Looking on the wall outside the pub there is a plaque to mark the bomb attack, and inside a piece of beautiful art in the form of a light decoration discretely hanging from the ceiling. Monuments – or memorials – to remind us of the past. Without the emotional memories, the ones that you feel in your gut, it becomes nothing but history, nothing of real connection to the loss. That is, if we are not vigilant in keeping it alive. When we talk about historic LGBT+ issues or for that matter any minorities issues those not within the Community may say “stop playing victims”, because they’ve not experienced what the Community has historically – and still does in some parts of the world.

Without showing others the past, soon we forget, and soon someone is potentially the poor victim once more, and we don’t learn from the past at all. Just like the superhero, the chewing gum man, who used the canvas of the gum to create something meaningful, we need to reach out to the past, embrace it, and learn from it in order to truly move on with no reprisals.

Don’t judge the old for showing us the memorials of a bygone time, but learn from them, and don’t judge the young for not understanding the memorials’ true meaning, instead teach them in ways such as the chewing gum man teaches us. Simple but effective ways.

Written by Darren Maples.

Edited by Tom Wiese.

Interview with a writer.

Thanks for doing this interview with me. Could you tell me about yourself?

Thank you so much Darren for having me, I am honoured to be featured. Okay! I am Salman Aziz a.k.a. AKA$H. In 2014, a fan stylised it from my nickname Akash, for my artistic short symbolic film Bloody Dark Dream.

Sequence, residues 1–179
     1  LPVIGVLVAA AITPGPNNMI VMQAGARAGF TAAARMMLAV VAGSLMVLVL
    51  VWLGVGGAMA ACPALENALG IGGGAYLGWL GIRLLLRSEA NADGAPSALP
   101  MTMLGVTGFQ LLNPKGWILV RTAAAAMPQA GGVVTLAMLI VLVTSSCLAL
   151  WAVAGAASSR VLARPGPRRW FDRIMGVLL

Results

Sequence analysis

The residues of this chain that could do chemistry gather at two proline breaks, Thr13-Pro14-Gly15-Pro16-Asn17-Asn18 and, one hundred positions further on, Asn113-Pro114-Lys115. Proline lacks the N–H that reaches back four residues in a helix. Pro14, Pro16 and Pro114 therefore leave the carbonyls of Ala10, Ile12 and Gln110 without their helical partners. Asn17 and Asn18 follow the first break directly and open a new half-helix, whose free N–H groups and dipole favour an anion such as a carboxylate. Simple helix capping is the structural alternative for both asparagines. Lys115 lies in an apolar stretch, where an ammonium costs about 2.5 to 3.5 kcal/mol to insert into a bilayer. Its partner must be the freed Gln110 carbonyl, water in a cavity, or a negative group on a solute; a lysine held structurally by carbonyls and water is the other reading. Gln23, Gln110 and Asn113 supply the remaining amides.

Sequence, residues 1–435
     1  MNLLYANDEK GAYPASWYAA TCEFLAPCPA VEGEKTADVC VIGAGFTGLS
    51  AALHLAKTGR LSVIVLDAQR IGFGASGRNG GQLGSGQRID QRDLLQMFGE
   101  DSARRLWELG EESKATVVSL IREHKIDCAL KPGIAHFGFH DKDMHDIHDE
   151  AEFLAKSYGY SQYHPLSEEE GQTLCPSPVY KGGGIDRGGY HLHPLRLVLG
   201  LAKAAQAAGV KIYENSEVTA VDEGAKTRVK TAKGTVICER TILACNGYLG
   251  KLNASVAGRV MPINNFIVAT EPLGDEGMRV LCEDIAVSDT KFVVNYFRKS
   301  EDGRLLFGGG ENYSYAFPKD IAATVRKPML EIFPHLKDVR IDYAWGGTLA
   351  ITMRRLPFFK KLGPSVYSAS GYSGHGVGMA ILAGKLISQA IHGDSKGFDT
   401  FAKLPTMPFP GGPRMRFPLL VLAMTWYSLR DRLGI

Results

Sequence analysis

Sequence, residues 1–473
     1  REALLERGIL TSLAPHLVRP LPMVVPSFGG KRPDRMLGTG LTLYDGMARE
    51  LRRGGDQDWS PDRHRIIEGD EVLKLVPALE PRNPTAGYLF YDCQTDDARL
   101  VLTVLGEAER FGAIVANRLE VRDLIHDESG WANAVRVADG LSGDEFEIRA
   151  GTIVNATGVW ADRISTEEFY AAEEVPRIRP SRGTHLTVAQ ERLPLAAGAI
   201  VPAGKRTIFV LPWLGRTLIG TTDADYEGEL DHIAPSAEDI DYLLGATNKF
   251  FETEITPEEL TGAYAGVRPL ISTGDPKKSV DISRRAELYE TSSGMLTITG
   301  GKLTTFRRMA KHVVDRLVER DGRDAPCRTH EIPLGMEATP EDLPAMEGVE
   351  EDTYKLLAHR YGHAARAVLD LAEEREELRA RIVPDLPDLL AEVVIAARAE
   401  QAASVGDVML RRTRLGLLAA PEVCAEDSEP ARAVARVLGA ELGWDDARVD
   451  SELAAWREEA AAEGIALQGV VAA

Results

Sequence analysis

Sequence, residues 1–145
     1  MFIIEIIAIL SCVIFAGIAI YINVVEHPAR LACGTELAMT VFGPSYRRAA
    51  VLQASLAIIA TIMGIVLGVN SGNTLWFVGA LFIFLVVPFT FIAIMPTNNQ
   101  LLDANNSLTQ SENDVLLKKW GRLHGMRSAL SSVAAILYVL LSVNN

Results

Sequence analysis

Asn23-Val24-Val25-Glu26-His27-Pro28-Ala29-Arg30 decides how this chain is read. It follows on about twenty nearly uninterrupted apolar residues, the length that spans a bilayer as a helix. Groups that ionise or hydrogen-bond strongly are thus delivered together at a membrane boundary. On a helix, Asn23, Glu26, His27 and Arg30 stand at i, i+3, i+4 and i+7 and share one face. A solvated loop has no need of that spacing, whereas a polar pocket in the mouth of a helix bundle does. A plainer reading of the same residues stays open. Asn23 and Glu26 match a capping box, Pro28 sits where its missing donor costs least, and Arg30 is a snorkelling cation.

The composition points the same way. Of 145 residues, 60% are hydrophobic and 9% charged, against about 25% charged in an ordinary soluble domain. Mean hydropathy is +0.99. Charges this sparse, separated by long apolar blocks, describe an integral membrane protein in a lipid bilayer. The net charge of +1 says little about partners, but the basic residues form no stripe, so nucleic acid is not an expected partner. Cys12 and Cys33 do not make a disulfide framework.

I am a writer, indie filmmaker, artist, model, and entertainer. I am from Bangladesh. I’ve completed my Bachelor’s degree in Computer Science and Engineering this year.

From 2008 – 2010 I modelled for R.M. Fashion House in Bangladesh, and am also known for my realistic blogs. Also, this year I debuted as an author for my first book 6th September: A Very Unknown Mysterious Story.

How do you identify yourself?
It’s hard to say. But if you want to know about my writing part then I must say that I’ve started my writing journey since I was so young. I was only 8 years old in that time. At first, I wrote my things like poems and short stories in my native language Bengali which published in our local newspapers and school magazines. When I was almost 11 years old, I began to write in English. My home tutor helped me a lot to develop myself. And if you want to know about my filmmaking thing then it’s a natural. I’ve never had academic experience on film. I just tried, and it happened. But most of all I like to identify me as an artist. Cause in this way I can create something very unique than other. It can be any words or visual things or vocal or may be some other stuff.
I’m aware you live in Bangladesh, tell me about life out there in general and the hardships faced by the LGBTIQ+ Community.

Honestly, it’s a nightmare! I can’t say anything about it. If I say anything, then I can be killed like Xulhaz Mannan, or may be put into the jail, or may be exiled like Taslima Nasrin. But one thing I must – and should say – is that we shouldn’t label the people by something else.
We should keep it mind that we all are human and we all have freedom to live our own life. In general, living in Bangladesh is tough, because Bangladesh is a developing country and still poor. Here getting a job is so tough, and sometimes people take advantage of the weaker people. Here you can’t be anything you want to be. But at the same time, one thing I must include is that in here we can still find some good people who are really helpful and kind to others. That’s all I can say!

I understand that you have just published your first novel. Can you tell me what inspired you to write?